[Note 16] The Secretary also ordered the DCR to "issue revised regulations that will require approvals when there are substantial traffic increases to an existing curb-cut," similar to the regulations of the Massachusetts Highway Department. See supra at 372. See also 720 Code Mass. Regs. § 13.02 (2007). The Secretary sought the change "[i]n order to make certain that this situation does not arise again . . . ."
[Note 17] "The Proponent, any Participating Agency, and the Secretary shall consider all circumstances as to whether various work or activities constitute one Project, including but not limited to: whether the work or activities, taken together, comprise a common plan or independent undertakings . . . ." 301 Code Mass. Regs. § 11.01(2)(c).
[Note 18] We acknowledge the amicus briefs of the Massachusetts Association of Conservation Commissions, Inc., and the town of Stoneham.
[Note 19] In relevant part, G. L. c. 214, § 7A (§ 7A), provides: "The superior court for the county in which damage to the environment is occurring or is about to occur may, upon a civil action in which equitable or declaratory relief is sought in which not less than ten persons domiciled within the commonwealth are joined as plaintiffs, or upon such an action by any political subdivision of the commonwealth, determine whether such damage is occurring or is about to occur and may, before the final determination of the action, restrain the person causing or about to cause such damage; provided, however, that the damage caused or about to be caused by such person constitutes a violation of a statute, ordinance, by-law or regulation the major purpose of which is to prevent or minimize damage to the environment."
[Note 20] It is not in dispute that those "joined as plaintiffs," as well as the city of Medford, are proper plaintiffs. " '[P]erson' shall mean any individual, association, partnership, corporation, company, business organization, trust, estate, the commonwealth or any political subdivision thereof, any administrative agency, public or quasi-public corporation or body, or any other legal entity or its legal representatives, agents or assigns." G. L. c. 214, § 7A.
[Note 21] "A review threshold that is met or exceeded specifies whether MEPA review shall consist of an ENF and a mandatory EIR or of an ENF and other MEPA review if the Secretary so requires." 301 Code Mass. Regs. § 11.03 (1998). The plaintiffs contend that the project in Cummings v. Secretary of Envtl. Affairs, 402 Mass. 611 (1988), fell in the latter category.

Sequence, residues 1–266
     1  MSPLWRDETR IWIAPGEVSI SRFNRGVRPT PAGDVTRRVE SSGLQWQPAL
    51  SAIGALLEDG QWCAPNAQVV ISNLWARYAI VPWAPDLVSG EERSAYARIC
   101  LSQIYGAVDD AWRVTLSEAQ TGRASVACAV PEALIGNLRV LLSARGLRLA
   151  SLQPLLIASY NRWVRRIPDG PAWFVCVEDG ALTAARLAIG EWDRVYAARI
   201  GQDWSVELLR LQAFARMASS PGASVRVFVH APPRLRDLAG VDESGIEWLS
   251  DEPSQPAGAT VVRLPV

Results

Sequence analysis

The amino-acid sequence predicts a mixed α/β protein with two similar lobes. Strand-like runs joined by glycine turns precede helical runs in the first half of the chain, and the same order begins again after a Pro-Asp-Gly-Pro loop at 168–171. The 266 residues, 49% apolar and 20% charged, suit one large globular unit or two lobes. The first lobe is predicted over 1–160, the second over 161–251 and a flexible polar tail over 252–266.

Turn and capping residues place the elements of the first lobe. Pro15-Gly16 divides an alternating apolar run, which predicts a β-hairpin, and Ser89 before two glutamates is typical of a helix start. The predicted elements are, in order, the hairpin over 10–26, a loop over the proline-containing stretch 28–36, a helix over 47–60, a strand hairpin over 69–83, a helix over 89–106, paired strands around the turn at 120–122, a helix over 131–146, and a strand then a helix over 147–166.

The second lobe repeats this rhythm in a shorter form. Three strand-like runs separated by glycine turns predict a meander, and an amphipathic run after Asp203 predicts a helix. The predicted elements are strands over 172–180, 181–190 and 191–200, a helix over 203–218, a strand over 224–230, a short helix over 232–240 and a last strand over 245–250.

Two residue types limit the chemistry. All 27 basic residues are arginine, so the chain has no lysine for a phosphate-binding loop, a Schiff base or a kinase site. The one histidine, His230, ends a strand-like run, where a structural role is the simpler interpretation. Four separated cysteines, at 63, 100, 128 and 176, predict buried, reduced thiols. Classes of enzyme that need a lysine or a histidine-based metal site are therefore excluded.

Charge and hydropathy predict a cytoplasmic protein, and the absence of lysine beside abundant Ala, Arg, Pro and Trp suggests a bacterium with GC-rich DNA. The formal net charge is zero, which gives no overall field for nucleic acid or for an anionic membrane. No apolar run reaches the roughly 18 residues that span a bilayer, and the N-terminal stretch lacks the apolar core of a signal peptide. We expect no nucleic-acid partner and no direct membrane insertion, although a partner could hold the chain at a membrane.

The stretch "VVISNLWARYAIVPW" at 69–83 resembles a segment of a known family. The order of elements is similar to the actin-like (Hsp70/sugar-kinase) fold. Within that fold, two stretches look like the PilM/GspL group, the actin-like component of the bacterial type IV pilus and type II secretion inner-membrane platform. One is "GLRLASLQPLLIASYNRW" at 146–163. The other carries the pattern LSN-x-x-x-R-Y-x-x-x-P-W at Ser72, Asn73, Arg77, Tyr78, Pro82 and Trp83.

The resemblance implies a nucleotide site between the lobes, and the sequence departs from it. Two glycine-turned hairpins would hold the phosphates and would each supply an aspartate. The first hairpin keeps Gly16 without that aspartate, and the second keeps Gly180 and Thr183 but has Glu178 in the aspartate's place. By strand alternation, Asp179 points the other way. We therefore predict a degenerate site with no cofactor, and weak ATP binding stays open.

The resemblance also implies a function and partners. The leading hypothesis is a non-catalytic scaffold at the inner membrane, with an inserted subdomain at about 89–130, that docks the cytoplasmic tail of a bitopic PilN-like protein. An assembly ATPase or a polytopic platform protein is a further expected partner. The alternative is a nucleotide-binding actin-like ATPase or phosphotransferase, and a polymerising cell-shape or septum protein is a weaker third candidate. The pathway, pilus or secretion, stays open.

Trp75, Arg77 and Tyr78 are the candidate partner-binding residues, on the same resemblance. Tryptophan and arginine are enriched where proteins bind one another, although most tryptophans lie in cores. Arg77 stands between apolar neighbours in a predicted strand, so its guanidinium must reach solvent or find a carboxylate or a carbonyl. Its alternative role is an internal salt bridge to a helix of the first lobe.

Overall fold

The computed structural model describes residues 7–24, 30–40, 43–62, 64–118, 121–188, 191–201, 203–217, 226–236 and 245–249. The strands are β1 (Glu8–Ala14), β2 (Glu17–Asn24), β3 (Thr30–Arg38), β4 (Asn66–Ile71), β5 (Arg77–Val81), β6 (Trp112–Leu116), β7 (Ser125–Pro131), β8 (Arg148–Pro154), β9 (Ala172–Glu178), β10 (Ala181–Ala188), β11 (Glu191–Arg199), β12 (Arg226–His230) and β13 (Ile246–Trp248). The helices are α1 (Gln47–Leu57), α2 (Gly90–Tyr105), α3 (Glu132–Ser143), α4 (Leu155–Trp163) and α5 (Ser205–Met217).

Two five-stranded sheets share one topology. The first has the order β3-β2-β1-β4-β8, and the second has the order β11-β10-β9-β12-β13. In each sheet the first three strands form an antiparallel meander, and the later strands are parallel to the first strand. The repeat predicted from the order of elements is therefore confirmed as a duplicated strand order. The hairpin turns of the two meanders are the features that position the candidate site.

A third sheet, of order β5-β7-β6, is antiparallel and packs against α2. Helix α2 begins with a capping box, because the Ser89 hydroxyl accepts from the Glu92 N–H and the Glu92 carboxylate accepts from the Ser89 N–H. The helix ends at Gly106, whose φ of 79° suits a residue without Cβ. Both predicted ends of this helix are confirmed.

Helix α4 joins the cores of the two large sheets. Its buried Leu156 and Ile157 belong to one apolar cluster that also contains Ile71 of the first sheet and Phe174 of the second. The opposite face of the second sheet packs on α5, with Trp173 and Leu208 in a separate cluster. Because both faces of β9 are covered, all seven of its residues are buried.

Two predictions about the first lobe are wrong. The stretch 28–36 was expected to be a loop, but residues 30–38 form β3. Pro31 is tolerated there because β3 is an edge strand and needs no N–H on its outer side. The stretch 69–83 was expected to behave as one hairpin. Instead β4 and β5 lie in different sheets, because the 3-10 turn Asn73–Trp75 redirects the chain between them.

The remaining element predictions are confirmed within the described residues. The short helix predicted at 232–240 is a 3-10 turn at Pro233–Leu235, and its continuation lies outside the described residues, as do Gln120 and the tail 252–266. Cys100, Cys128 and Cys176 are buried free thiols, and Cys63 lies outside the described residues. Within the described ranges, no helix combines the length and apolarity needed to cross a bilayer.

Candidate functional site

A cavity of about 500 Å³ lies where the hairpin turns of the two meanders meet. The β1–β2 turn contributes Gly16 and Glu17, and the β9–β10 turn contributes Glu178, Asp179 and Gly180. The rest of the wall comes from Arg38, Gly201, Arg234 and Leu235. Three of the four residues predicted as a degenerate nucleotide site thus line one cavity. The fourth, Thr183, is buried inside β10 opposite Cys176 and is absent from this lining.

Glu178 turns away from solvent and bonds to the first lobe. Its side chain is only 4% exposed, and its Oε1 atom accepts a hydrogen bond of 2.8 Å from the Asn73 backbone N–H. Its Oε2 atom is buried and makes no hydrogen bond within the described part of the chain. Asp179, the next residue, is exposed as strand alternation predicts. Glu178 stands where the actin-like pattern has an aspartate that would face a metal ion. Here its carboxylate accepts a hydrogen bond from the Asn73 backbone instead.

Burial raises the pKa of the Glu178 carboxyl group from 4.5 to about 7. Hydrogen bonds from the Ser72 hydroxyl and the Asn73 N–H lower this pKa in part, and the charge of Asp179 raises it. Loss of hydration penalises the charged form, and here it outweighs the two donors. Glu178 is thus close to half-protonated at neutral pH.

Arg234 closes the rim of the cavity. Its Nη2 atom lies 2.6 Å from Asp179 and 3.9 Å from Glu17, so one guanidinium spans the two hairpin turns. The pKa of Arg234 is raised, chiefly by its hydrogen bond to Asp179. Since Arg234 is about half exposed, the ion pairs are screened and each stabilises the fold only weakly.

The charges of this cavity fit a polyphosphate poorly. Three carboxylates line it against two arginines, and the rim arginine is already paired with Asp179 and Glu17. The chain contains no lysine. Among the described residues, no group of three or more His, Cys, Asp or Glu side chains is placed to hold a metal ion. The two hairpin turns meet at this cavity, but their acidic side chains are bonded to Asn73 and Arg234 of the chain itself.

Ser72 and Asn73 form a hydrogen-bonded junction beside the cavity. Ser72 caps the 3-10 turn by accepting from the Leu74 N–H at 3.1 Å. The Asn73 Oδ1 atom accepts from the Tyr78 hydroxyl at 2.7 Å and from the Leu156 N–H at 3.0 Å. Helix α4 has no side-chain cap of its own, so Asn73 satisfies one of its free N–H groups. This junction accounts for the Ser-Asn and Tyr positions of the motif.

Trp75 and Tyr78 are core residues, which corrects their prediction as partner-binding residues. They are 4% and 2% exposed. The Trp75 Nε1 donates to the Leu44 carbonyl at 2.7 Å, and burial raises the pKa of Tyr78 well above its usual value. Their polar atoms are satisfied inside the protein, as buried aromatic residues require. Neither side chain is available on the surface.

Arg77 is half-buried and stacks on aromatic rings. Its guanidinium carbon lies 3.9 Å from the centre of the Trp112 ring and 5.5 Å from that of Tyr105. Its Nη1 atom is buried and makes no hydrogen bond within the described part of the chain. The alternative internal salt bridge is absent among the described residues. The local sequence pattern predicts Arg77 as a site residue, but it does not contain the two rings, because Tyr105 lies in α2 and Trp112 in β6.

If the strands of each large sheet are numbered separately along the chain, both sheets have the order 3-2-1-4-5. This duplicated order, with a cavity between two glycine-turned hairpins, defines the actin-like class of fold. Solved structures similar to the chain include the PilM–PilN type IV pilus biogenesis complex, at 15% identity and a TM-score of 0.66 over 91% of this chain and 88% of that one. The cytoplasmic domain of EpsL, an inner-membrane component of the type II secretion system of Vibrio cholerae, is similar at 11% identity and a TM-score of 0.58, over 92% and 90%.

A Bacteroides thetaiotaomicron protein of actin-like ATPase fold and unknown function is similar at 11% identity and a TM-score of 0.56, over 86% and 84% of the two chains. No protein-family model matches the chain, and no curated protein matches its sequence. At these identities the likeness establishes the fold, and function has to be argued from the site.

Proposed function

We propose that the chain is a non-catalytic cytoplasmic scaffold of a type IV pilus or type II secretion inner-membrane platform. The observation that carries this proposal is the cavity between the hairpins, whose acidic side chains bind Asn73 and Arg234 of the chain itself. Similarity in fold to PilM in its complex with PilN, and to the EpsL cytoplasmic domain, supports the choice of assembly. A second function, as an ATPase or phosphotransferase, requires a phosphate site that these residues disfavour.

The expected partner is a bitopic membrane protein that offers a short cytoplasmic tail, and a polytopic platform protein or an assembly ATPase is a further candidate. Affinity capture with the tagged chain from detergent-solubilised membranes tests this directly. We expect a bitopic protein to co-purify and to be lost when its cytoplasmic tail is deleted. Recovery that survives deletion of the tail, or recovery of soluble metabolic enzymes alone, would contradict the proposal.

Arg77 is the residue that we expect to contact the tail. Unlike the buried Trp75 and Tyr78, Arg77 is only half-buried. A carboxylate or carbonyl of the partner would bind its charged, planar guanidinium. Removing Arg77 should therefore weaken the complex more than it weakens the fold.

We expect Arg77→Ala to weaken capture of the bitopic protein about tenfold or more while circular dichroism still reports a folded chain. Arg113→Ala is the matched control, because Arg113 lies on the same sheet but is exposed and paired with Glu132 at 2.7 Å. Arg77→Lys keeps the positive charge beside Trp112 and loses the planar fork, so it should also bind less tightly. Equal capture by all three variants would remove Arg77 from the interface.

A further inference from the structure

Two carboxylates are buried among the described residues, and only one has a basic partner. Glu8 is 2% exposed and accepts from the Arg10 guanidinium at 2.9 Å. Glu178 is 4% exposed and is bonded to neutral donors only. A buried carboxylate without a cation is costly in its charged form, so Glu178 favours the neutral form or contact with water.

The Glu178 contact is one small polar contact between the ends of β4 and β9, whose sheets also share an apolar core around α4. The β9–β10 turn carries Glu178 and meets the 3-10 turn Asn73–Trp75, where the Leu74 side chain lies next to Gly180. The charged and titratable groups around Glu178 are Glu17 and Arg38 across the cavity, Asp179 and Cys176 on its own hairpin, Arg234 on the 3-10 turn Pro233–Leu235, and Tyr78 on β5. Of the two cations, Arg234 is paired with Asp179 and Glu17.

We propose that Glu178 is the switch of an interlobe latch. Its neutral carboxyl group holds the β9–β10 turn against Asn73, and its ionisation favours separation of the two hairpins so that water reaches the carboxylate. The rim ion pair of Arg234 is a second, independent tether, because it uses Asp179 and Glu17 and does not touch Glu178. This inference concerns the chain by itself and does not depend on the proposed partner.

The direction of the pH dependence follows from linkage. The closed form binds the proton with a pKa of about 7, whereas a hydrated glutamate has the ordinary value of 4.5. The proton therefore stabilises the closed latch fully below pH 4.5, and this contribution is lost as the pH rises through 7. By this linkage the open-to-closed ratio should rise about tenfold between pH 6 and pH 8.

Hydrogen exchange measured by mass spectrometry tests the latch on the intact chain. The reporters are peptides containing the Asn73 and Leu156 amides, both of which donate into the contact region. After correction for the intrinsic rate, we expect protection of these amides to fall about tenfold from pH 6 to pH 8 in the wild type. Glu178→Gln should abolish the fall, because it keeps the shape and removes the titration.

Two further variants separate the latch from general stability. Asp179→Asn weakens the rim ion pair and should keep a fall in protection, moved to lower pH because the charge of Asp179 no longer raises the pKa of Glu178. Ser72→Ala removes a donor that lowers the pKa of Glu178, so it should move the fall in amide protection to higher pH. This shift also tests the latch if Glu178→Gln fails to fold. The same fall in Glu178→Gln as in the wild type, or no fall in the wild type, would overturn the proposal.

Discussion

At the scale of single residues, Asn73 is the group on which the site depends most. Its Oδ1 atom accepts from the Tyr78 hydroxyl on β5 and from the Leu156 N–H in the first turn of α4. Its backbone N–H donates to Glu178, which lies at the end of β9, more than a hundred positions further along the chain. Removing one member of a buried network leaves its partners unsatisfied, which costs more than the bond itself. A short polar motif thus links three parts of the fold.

[Note 22] The plaintiffs cite three additional cases, all of which are inapposite. See Allen v. Boston Redevelopment Auth., 450 Mass. 242 , 242 n.2, 259 (2007) (affirming vacatur of Secretary's certification of final EIR even though Secretary was not party); Sierra Club v. Commissioner of the Dep't of Envtl. Mgt., 439 Mass. 738 , 740 n.6, 745-746 (2003) (Secretary properly dismissed from action brought under § 7A, but subject matter jurisdiction exists in suit against permitting authority and developers challenging adequacy of supplemental final EIR); Villages Dev. Co. v. Secretary of the Executive Office of Envtl. Affairs, 410 Mass. 100 , 106-107 (1991) (developer and project proponent had standing under G. L. c. 231A to bring declaratory judgment action challenging scope of EIR as defined by Secretary).
[Note 23] For the court to have subject matter jurisdiction over the claims against the DCR, and not solely the developers, the DCR would have to meet the definition of a project "proponent." 301 Code Mass. Regs. § 11.02(2) ("Any Agency or Person, including a designee or successor in interest, that undertakes, or has a significant role in undertaking, a Project"). The facts alleged in support of the plaintiffs' argument that the DCR has become a project proponent by entering the MOU and agreeing to perform project-specific traffic mitigation work are sufficient to defeat a motion to dismiss. See infra at 382.
[Note 24] In further support of their § 7A claim, the plaintiffs assert that the Secretary and the DCR violated G. L. c. 92, § 35, a statute that they argue has as its "major purpose" the prevention or minimization of damage to the environment. The statute directs the commissioner to "preserve and protect the scenic and historic integrity of its roadways and boulevards." While injury to the historic integrity of the parkways would qualify as "damage to the environment" under § 7A (defining the term to include "destruction, damage or impairment . . . to . . . historic districts or sites"), a plausible reading of G. L. c. 92, § 35, does not support the conclusion that "the major purpose" of the statute "is to prevent or minimize damage to the environment." The provision cited by the plaintiffs is included in a section that delineates the broad authority of various agencies to construct, maintain, and acquire roadways and boulevards. See generally G. L. c. 92, § 35.
[Note 25] Medford is an abutting city. The property slated for redevelopment is in the town of Stoneham.
[Note 26] If there are no material facts in dispute, on remand the case may be ripe for summary judgment, where on appeal a reviewing court accords "substantial deference to a reasonable interpretation of a statute [or regulation promulgated thereunder] by the administrative agency charged with its administration [and] enforcement." Anawan Ins. Agency, Inc. v. Division of Ins., 459 Mass. 592 , 596 (2011), quoting Commerce Ins. Co. v. Commissioner of Ins., 447 Mass. 478 , 481 (2006).